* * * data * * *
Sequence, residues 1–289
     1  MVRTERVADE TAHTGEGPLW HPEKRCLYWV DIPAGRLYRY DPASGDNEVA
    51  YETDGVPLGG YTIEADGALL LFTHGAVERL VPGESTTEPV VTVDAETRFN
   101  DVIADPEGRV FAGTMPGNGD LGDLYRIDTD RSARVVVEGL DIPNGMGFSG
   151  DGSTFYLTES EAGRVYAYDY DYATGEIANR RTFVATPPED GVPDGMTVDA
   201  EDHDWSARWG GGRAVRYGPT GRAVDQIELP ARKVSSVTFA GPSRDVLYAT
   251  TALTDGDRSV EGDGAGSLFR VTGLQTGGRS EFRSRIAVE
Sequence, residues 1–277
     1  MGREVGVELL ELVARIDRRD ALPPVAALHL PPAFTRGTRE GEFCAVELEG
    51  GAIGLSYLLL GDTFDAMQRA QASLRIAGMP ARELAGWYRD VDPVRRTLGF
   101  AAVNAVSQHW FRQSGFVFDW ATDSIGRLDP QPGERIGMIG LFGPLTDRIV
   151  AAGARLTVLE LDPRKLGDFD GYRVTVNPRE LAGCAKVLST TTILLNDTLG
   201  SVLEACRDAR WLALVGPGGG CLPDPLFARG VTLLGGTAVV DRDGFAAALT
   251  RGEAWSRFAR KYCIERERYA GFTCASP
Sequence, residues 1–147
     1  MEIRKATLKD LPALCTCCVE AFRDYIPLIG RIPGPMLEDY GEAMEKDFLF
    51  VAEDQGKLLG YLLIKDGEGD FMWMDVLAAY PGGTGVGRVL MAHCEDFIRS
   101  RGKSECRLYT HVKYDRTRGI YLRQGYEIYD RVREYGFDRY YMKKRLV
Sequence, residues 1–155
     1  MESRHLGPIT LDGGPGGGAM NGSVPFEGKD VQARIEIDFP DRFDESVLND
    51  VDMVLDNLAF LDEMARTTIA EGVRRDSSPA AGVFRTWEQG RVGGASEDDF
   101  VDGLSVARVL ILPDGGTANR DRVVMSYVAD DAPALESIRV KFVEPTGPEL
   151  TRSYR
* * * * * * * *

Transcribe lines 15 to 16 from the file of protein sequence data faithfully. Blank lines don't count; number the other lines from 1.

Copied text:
Sequence, residues 1–147
     1  MEIRKATLKD LPALCTCCVE AFRDYIPLIG RIPGPMLEDY GEAMEKDFLF